In Economic Crisis, Conference Points to New Needs in Global Governance and Redistribution of Wealth

March 15, 2009
Brown University, RI, USA

Link of the video of Samir Saran speaking at the event (video II, 4.09 min onwards)

In the runup to the economic crisis meeting of the Group of 20 nations in April, a major international conference at the Watson Institute last week looked into global governance issues hindering the search for solutions, as well as ways in which a fundamental restructuring of the world system may in fact occur. The event, “Regional Powers, New Developmental States, and Global Governance: BRICSA in the New World Order,” was co-sponsored with the University of Wisconsin Law School. It focused on the role of the newly emergent regional and continental powers of Brazil, Russia, India, China and South Africa in this time of economic crisis, highlighting the risks and opportunities they face.

In addition to global governance reform, themes emerging from the two-day meeting also included a move toward redistribution of wealth – with a new emphasis in such countries as China and India on solving internal inequalities while refocusing on domestic growth. On governance, Nehru University Professor Bhupinder Chimni, a visiting professor at the Institute, said: “The way forward is for countries like India, in alliance with the BRICSA countries, to frame and articulate an alternative discourse on the future of global governance relying on its own experiences – pre-colonial, colonial, and post colonial. It should not simply react to Western proposals.” On the redistribution of wealth, Former Austrian Chancellor and Institute Visiting Professor Alfred Gusenbauer said: “If you want to have a recovery of the world economy, it only can work if there is a redistribution of wealth.”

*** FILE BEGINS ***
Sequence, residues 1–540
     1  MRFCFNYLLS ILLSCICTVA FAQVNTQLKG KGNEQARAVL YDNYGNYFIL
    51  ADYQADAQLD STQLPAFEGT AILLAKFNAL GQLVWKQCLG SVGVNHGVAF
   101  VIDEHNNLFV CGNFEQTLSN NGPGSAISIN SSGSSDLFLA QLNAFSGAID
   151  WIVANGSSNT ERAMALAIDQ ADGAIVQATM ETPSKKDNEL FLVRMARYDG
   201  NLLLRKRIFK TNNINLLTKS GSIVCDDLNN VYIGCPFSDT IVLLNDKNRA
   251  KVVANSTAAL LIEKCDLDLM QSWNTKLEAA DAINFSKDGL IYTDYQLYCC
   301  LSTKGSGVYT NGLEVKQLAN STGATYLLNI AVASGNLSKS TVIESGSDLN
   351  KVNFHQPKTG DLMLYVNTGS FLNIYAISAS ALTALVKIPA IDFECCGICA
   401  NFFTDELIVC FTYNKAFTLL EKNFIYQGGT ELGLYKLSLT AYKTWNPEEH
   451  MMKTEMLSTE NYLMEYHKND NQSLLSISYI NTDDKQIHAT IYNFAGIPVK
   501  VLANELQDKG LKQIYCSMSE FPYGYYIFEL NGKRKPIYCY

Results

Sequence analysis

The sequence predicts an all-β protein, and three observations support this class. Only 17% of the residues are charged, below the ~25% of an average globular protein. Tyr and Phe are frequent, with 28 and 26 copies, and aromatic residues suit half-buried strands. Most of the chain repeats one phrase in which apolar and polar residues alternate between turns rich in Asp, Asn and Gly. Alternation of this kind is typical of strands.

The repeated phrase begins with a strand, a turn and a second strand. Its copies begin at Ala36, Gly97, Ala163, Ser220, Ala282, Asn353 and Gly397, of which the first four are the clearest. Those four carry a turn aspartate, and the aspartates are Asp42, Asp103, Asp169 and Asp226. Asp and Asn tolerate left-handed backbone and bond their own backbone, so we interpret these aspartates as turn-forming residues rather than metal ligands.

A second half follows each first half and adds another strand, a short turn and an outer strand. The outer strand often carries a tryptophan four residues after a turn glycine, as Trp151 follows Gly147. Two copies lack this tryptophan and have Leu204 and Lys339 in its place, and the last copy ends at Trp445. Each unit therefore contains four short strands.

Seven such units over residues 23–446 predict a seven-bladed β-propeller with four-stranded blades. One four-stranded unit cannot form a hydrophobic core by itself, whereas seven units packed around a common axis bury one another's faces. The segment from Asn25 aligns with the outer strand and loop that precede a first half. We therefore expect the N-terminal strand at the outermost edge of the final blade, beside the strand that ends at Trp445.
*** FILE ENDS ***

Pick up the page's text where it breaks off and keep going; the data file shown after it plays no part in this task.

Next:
Short videos below expand capture these two themes. Speakers in the videos include:
• “Conference Report I: Global Governance in an Economic Crisis”: Nehru University Professor Bhupinder Chimni, a visiting professor at the Institute; South African High Court Judge Dennis Martin Davis, a visiting professor at the Institute; and Watson Institute Professors David Kennedy ’75 and Barbara Stallings.
• “Conference Report II: Risks and Solutions in an Economic Crisis”: Universidade de São Paulo Professor Glauco Arbix; Former Austrian Chancellor and Institute Visiting Professor Alfred Gusenbauer; Indiana University Assistant Professor Ho-fung Hung; Observer Research Foundation Vice President Samir Saran; and attorney Leopold Specht, a visiting fellow at the Institute.

A summer institute at Watson on “Law, Social Thought and Global Governance,” organized under the new Brown International Advanced Research Institutes (BIARI) program, will explore these issues further as it convenes scholars from around the world for two weeks in June.

An in-depth report and video of the BRICSA conference will be posted in coming weeks.

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